“I constantly talk to my students about Tulane’s motto, Non sibi, sed suis—Not for oneself, but for one’s own,” said Mallory Monaco Caterine, a professor in the Department of Classical Studies whose work focuses on leadership. This year, Professor Monaco Caterine was awarded the Outreach Prize from the Society of Classical Studies for her work developing enrichment programs for multiple New Orleans’ elementary schools.
Since 2016, Monaco Caterine (known to students as Professor MC) has coordinated after school programs at multiple local schools, such as Nyansa Classical Community, during which her students engage in service learning by teaching youth ages five to twelve Latin. Working across campus with the Phyllis M. Taylor Center for Social Innovation and Design Thinking and the Center for Engaged Learning and Teaching (CELT), Monaco Caterine’s students have also learned how to focus their educational materials on enhancing user experience and confronting barriers individuals face approaching language learning, while also making their lessons reusable for different volunteers at the elementary schools. As Monaco Caterine explains, “service-learning teaching takes a lot of effort beyond the classroom to cultivate community partnerships, and this award is a really big nudge to say this work is making an impact.”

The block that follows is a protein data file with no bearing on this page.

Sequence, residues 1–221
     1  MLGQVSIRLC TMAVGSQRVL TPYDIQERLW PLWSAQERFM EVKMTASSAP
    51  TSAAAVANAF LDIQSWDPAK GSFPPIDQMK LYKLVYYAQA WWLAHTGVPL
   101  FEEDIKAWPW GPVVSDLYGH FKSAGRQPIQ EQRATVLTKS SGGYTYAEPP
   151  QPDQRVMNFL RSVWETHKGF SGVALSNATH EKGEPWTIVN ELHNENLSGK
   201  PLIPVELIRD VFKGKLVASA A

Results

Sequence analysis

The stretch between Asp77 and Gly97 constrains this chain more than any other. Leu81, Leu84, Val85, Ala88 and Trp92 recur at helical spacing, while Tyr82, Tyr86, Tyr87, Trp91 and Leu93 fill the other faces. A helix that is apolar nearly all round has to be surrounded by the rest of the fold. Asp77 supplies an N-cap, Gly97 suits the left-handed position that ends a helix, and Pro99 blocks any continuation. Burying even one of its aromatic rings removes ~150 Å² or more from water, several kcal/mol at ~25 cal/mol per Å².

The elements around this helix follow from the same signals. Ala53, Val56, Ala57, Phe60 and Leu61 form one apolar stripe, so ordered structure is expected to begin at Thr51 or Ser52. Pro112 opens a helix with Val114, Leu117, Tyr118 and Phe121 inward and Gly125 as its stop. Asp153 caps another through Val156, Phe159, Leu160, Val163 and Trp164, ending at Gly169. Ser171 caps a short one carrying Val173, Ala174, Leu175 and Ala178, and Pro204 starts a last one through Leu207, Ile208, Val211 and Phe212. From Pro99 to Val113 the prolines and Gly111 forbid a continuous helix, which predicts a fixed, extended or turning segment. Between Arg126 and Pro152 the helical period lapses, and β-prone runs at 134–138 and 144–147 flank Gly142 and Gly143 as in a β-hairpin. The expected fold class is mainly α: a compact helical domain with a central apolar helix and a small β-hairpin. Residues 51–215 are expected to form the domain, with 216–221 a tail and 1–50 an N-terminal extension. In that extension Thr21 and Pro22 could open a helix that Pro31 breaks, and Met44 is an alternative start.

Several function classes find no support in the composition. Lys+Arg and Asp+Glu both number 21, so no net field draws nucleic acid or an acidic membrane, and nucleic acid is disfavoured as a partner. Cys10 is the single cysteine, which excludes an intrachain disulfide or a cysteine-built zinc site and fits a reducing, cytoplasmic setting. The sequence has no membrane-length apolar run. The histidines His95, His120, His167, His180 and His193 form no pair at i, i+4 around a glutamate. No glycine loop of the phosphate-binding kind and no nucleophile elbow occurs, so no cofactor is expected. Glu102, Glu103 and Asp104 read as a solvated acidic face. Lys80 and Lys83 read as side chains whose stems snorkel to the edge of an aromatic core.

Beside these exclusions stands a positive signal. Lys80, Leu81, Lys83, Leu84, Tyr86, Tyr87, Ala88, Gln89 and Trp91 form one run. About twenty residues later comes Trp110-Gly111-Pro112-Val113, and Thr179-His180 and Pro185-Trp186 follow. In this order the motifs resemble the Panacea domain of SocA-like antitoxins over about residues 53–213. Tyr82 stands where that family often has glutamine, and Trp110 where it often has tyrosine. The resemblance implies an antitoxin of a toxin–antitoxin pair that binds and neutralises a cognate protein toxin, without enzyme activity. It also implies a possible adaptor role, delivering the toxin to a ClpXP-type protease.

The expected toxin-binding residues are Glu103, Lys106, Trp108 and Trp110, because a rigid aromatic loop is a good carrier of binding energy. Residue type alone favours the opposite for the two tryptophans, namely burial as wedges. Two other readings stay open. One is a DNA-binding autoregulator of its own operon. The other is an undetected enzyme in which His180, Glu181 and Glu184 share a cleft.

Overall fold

Both Monaco Caterine and classics professor and Roman archeologist Allison Emmerson emphasize the importance of students applying their research and practice beyond the classroom. Emmerson’s work focuses on Roman cities and, in particular, the marginal parts of Roman cities—from the edges of cities to the marginalized individuals and activities that scholarship doesn’t often highlight. This year, Emmerson’s recent book delving into these aspects of cities, Life and Death in the Roman Suburb, won the James R. Wiseman Book Award, the highest distinction conferred on research in the field awarded by the premier professional organization for archaeology, the Archaeological Institute of America.
“Receiving the Wiseman Award was a huge surprise, and it is an incredible honor to be selected for the award this year,” said Emmerson. As Emmerson’s research on cities evolves, she looks forward to leading a new excavation in Pompeii, Italy, with a group of Tulane undergraduate and graduate students exploring marginalized elements of city life.
Brian Edwards, dean of the School of Liberal Arts, commended both Emmerson and Monaco Caterine. “These impressive awards from leading professional societies demonstrate the scholarly distinction and pedagogical innovation that Tulane classicists are known for,” he said. “As both Professor Emmerson and Monaco Caterine make clear in their work, the Ancient world continues to offer a wide array of lessons and approaches to understanding and living in the present. Their work shows the continuing vitality and value of the humanities for the leaders of tomorrow.”